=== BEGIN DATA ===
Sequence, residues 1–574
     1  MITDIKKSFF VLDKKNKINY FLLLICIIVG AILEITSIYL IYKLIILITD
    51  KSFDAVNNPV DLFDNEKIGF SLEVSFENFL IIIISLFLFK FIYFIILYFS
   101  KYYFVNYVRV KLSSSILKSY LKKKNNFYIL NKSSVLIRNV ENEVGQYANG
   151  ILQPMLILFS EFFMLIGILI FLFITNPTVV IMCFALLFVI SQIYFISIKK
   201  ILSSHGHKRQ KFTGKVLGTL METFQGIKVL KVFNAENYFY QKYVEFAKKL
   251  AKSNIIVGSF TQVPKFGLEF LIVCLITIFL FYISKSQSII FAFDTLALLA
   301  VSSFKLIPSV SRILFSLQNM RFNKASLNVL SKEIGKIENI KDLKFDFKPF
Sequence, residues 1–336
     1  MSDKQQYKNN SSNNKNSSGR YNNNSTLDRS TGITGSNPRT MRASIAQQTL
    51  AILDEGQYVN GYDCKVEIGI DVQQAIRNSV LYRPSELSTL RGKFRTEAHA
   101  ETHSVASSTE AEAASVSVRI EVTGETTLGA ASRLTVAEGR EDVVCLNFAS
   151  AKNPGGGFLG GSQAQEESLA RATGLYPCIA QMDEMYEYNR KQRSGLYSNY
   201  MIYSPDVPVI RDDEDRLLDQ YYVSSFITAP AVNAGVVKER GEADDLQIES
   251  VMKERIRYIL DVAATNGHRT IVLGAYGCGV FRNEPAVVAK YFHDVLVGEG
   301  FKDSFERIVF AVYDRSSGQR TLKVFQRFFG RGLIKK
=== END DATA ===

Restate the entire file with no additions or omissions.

Sequence, residues 1–574
     1  MITDIKKSFF VLDKKNKINY FLLLICIIVG AILEITSIYL IYKLIILITD
    51  KSFDAVNNPV DLFDNEKIGF SLEVSFENFL IIIISLFLFK FIYFIILYFS
   101  KYYFVNYVRV KLSSSILKSY LKKKNNFYIL NKSSVLIRNV ENEVGQYANG
   151  ILQPMLILFS EFFMLIGILI FLFITNPTVV IMCFALLFVI SQIYFISIKK
   201  ILSSHGHKRQ KFTGKVLGTL METFQGIKVL KVFNAENYFY QKYVEFAKKL
   251  AKSNIIVGSF TQVPKFGLEF LIVCLITIFL FYISKSQSII FAFDTLALLA
   301  VSSFKLIPSV SRILFSLQNM RFNKASLNVL SKEIGKIENI KDLKFDFKPF
Sequence, residues 1–336
     1  MSDKQQYKNN SSNNKNSSGR YNNNSTLDRS TGITGSNPRT MRASIAQQTL
    51  AILDEGQYVN GYDCKVEIGI DVQQAIRNSV LYRPSELSTL RGKFRTEAHA
   101  ETHSVASSTE AEAASVSVRI EVTGETTLGA ASRLTVAEGR EDVVCLNFAS
   151  AKNPGGGFLG GSQAQEESLA RATGLYPCIA QMDEMYEYNR KQRSGLYSNY
   201  MIYSPDVPVI RDDEDRLLDQ YYVSSFITAP AVNAGVVKER GEADDLQIES
   251  VMKERIRYIL DVAATNGHRT IVLGAYGCGV FRNEPAVVAK YFHDVLVGEG
   301  FKDSFERIVF AVYDRSSGQR TLKVFQRFFG RGLIKK